Advisor

Sutter-Yuba

026

Area Livestock & Natural Resources & Community Development

Advisor

Plumas

027

Area Livestock & Natural Resources

Advisor

Ventura

028

Area Natural Resources – Fire & Restoration

Advisor

San Diego

045

Dairy

Advisor

Sonoma

046

Dairy

Advisor

Humboldt

057

Livestock & Natural Resources

Advisor

Siskiyou

066

Applied Limnology (Lakes & Fresh Water)

Specialist

UCD

067

Aquaculture

Specialist

UCD

070

Beef Cattle Herd Health

Specialist

UCD Vet Med

081

Dairy Cattle Production Health Management

Specialist

Vet Med Teaching & Research Center -Tulare

087

Forest Products and Woody Biomass

Specialist

UCB

092

Livestock & Rangeland Economist

Specialist

UCD

102

Plant Conservation

Specialist

UCR

107

Rangeland Management

Specialist

UCD

108

Rangeland Policy & Planning

Specialist

UCB

109

Rangeland Ruminant Nutritional Ecology

Specialist

SFREC

Sierra Foothill Research & Extension Center

115

Sheep & Goat Heard Health & Production

Specialist

UCD Vet Med

 

It is very possible that not all of these positions will survive the screening process. That's why it's important to have stakeholder input and I urge you to take the time to review at least each of these and comment. Please also comment on any of the other positions shown on the full list as well.

It's also important to know that the comment process is not a voting one. Rather it is a supportive process from stakeholders who are visionary and statewide-thinking about the issues facing California's livestock and natural resources owners, managers and stewards. Some of these positions, especially the Advisors and a few of the Specialists, have had very successful people filling those slots. The public comments should not focus on replacing one of these great people but local, regional and statewide need for the position to work to solve current and future problems.

As the statewide leader for the Sustainable Natural Ecosystems Initiative, I would also like to hear from my blog readers how you might rank the positions in the above table outside of the comments you provide on the public page links I've provided in the table. To do so just either comment on this blog article, message me via LinkedIn or Facebook or drop me an email at jmharper@ucanr.edu. Please put SNESI positions in the subject so I can search and sort. I look forward to hearing from you!

 

 

Posted on Thursday, June 19, 2014 at 2:43 PM

Mel George

Below is a repost from UC Davis College of Agriculture and Environmental Science newsletter. Most will recognized the name, Mel George, be it colleague, mentor, innovator or friend. I wanted to share this since so many of you are familiar with our UC Extension Range Specialist, now retired, as this is one of the highest honors the Society of Range Management bestows on one of its members. Well deserved Uncle Mel!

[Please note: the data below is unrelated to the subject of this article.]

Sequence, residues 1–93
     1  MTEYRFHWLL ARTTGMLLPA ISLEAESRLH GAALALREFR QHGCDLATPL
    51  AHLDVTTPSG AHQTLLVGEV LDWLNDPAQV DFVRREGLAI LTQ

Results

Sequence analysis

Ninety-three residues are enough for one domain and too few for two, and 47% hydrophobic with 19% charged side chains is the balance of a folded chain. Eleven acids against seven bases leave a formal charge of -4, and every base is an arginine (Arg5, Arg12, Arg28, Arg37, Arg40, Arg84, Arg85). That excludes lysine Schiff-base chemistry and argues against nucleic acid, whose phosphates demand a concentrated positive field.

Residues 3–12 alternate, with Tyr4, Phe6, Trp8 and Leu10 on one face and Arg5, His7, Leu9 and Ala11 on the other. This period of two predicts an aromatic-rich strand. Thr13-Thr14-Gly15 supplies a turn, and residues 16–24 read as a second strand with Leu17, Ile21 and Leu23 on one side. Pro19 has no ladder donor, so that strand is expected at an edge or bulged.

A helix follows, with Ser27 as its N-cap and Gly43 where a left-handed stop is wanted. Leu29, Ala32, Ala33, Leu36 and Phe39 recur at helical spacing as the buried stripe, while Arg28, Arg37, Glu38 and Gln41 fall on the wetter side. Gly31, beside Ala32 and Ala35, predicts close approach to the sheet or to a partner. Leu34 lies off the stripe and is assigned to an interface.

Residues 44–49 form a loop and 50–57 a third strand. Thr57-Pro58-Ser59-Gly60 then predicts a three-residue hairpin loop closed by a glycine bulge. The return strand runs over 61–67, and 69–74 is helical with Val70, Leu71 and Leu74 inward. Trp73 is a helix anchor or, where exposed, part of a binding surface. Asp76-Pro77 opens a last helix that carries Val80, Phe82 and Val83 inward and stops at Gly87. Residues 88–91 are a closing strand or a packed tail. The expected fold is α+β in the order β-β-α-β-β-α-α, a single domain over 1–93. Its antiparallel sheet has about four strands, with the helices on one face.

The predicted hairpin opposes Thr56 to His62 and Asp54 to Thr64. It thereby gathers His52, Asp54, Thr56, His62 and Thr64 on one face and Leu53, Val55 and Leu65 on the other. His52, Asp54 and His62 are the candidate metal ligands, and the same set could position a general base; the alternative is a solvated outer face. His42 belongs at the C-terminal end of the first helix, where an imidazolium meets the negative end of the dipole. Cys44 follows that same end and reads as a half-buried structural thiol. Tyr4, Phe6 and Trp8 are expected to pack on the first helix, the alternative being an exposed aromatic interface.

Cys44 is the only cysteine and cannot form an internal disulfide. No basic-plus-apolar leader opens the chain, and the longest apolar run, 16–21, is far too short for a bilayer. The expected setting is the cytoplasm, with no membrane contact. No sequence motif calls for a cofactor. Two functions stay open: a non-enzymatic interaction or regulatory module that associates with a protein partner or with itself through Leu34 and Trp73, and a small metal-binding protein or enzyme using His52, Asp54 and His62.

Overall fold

Melvin George: W.R. Chapline Stewardship Award 

Cooperative Extension specialist emeritus Melvin George received the W.R. Chapline Stewardship Award at the February meeting of the Society for Range Management (SRM), held in Florida. The award recognizes exceptional accomplishments and contributions in range management.

George, of the Department of Plant Sciences, was commended for significantly improving extension education programs and science-based technical advice to ranchers, public agencies, and industry associations during his 37-year career. He was noted for establishing education and outreach programs that evaluated scientific information relevant to targeted problems, contributed new scientific knowledge to environmental issues, extended information to engage the ranching constituency in problem solving, and supplied the tools and knowledge to implement solutions to environmental problems. 

During his career, George developed and implemented a water quality research and education short course for rangeland owners that helped more than a thousand ranchers develop and implement water quality plans on privately owned rangeland. The process was adopted by state and federal agencies as a model for voluntary clean water programs. This approach improved grazing management, protected water quality, and led to enhanced stewardship on expansive public/private rangelands and watersheds in the western United States.Melvin George: W.R. Chapline Stewardship Award

Cooperative Extension specialist emeritus Melvin George received the W.R. Chapline Stewardship Award at the February meeting of the Society for Range Management (SRM), held in Florida. The award recognizes exceptional accomplishments and contributions in range management.

George, of the Department of Plant Sciences, was commended for significantly improving extension education programs and science-based technical advice to ranchers, public agencies, and industry associations during his 37-year career. He was noted for establishing education and outreach programs that evaluated scientific information relevant to targeted problems, contributed new scientific knowledge to environmental issues, extended information to engage the ranching constituency in problem solving, and supplied the tools and knowledge to implement solutions to environmental problems. 

During his career, George developed and implemented a water quality research and education short course for rangeland owners that helped more than a thousand ranchers develop and implement water quality plans on privately owned rangeland. The process was adopted by state and federal agencies as a model for voluntary clean water programs. This approach improved grazing management, protected water quality, and led to enhanced stewardship on expansive public/private rangelands and watersheds in the western United States.

Posted on Wednesday, March 19, 2014 at 10:45 AM